“I had talked to John Glenn a number of years before,” Mr. Reid said, referring to the astronaut and former senator from Ohio, who died in 2016. Mr. Glenn, Mr. Reid said, had told him he thought that the federal government should be looking seriously into U.F.O.s, and should be talking to military service members, particularly pilots, who had reported seeing aircraft they could not identify or explain.

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Luis Elizondo, who led the Pentagon effort to investigate U.F.O.s until October. He resigned to protest what he characterized as excessive secrecy and internal opposition to the program.CreditJustin T. Gellerson for The New York Times

The sightings were not often reported up the military’s chain of command, Mr. Reid said, because service members were afraid they would be laughed at or stigmatized.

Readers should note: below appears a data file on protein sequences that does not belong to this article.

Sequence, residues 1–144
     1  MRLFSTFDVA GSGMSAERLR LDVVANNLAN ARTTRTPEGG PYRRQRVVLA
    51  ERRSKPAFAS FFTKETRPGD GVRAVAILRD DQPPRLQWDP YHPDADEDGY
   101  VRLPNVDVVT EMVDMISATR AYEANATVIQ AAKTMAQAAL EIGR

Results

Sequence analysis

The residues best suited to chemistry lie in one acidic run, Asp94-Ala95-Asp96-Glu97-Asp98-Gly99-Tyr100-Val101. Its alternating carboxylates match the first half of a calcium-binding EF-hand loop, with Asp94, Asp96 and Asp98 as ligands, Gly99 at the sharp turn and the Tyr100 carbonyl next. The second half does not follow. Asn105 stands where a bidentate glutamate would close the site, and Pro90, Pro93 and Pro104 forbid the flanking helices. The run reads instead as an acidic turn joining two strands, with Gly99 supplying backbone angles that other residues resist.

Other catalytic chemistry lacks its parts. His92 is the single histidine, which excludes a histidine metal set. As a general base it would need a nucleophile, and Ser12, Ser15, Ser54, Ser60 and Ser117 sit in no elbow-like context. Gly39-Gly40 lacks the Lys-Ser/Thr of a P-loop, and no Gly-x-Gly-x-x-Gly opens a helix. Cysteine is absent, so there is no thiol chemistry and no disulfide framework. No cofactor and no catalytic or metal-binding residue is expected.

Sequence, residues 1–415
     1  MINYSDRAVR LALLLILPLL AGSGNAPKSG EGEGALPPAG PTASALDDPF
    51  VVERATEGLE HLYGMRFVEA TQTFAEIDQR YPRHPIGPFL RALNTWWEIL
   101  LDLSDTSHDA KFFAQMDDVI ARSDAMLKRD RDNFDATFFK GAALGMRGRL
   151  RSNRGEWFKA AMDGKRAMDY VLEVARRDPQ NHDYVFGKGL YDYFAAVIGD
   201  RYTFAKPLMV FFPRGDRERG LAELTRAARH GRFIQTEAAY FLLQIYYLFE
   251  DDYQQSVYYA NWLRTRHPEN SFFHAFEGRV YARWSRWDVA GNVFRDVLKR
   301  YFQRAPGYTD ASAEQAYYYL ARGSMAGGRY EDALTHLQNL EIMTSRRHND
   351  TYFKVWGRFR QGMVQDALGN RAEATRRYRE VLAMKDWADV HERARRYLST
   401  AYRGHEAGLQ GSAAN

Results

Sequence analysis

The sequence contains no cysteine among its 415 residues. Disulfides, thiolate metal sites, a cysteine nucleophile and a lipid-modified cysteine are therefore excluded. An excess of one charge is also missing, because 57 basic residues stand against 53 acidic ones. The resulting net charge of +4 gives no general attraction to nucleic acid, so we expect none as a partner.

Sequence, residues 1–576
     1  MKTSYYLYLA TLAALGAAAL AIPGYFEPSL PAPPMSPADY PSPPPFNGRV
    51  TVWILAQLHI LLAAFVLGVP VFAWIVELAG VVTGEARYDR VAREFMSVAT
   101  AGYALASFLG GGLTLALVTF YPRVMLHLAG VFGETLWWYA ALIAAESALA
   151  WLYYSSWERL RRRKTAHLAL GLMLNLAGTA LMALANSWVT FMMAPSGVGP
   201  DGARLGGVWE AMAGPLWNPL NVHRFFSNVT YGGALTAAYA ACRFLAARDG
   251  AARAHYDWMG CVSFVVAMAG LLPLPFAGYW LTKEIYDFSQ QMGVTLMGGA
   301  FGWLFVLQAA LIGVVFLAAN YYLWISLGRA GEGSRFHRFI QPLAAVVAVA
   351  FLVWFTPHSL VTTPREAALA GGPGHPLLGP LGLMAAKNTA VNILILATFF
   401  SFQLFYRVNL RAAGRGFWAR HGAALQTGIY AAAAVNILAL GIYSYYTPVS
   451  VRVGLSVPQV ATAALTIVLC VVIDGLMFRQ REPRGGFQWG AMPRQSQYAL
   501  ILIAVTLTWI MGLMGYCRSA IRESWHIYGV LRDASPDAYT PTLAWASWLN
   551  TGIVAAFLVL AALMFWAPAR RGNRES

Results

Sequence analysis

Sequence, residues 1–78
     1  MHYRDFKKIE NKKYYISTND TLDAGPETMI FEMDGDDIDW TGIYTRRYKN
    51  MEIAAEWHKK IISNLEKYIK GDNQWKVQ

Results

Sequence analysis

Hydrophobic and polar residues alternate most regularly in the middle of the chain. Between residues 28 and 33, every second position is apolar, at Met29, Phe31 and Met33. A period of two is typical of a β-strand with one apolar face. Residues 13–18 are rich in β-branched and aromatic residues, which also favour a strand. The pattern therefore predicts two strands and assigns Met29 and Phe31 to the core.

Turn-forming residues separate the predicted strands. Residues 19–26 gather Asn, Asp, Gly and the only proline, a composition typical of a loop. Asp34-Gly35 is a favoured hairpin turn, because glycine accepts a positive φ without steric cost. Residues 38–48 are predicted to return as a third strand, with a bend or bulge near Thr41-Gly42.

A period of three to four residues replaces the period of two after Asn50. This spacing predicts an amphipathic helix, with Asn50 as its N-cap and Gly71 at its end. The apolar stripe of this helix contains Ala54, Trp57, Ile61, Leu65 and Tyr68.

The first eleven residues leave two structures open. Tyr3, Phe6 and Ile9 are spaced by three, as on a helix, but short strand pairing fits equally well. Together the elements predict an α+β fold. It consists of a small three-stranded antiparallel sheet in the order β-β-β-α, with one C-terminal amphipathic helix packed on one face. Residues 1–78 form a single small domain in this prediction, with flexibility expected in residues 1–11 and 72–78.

The meeting with Mr. Stevens and Mr. Inouye, Mr. Reid said, “was one of the easiest meetings I ever had.”

He added, “Ted Stevens said, ‘I’ve been waiting to do this since I was in the Air Force.’” (The Alaska senator had been a pilot in the Army’s air force, flying transport missions over China during World War II.)

During the meeting, Mr. Reid said, Mr. Stevens recounted being tailed by a strange aircraft with no known origin, which he said had followed his plane for miles.

None of the three senators wanted a public debate on the Senate floor about the funding for the program, Mr. Reid said. “This was so-called black money,” he said. “Stevens knows about it, Inouye knows about it. But that was it, and that’s how we wanted it.” Mr. Reid was referring to the Pentagon budget for classified programs.

Photo